Decentralized generation is the process of producing and distributing energy locally, near to the final consumers. These generations are based on renewable technology, primarily wind turbines, solar cells, geothermal energy, and micro hydro power plants, but not exclusively. The advantages of onsite power generation versus centralized power generation systems are numerous since it avoids the expenses of long-distance power transmission and distribution. From 1KW to 100MW of power can be produced using these small-scale technologies.
In contrast to traditional centralized systems, Distributed Generation are compact and provide a number of advantages.
Following are a few of its advantages:
· No high peak load shortages: Distributed Generation systems can effectively address the issue of high peak load shortages by reducing peak demand.
· Reduced high transmission and distribution losses - It can significantly lower the losses that occur when power is transmitted and distributed from a central location, which raises the grid network's reliability. The current energy losses in India account for around 35% of the overall energy supply.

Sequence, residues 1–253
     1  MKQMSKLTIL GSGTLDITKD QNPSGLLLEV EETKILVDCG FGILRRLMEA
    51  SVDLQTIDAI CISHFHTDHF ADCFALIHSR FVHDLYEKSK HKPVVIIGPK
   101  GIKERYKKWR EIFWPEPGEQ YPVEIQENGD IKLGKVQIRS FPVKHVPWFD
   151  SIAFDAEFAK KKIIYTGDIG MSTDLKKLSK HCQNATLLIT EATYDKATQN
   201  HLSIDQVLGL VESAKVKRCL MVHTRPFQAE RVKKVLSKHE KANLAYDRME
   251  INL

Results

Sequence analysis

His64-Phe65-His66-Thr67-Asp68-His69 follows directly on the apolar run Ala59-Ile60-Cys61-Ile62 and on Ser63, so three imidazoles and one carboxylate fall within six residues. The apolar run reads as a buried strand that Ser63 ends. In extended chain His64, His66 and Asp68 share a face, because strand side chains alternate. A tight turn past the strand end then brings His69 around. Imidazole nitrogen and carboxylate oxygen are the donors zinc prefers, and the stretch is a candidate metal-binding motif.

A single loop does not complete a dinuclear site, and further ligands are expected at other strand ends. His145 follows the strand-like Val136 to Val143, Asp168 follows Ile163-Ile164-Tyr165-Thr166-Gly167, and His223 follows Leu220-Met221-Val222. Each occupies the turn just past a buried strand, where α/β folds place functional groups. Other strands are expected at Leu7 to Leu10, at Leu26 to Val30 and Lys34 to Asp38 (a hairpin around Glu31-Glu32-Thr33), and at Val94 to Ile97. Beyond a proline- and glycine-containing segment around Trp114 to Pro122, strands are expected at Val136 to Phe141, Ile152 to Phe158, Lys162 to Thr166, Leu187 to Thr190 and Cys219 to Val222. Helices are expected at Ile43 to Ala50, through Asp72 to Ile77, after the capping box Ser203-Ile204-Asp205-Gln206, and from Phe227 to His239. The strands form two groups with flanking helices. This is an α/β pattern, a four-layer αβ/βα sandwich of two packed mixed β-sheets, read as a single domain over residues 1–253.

· Linking remote and inaccessible areas - Providing power to remote and inaccessible locations is a crucial function that distributed generation can play in tying together these areas. It offers a solution for rural electrification in a nation like India.
· Faster responsiveness to new power demands: Because micro-grid systems are compact and frequently have shorter gestation periods, they can more quickly and easily add capacity when necessary.
· Increased supply dependability and power management - Since distributed generating systems are not dependent on utility grid systems, they provide simple power, voltage, and frequency maintenance. Additionally, it provides the opportunity for less congested energy storage and management systems.
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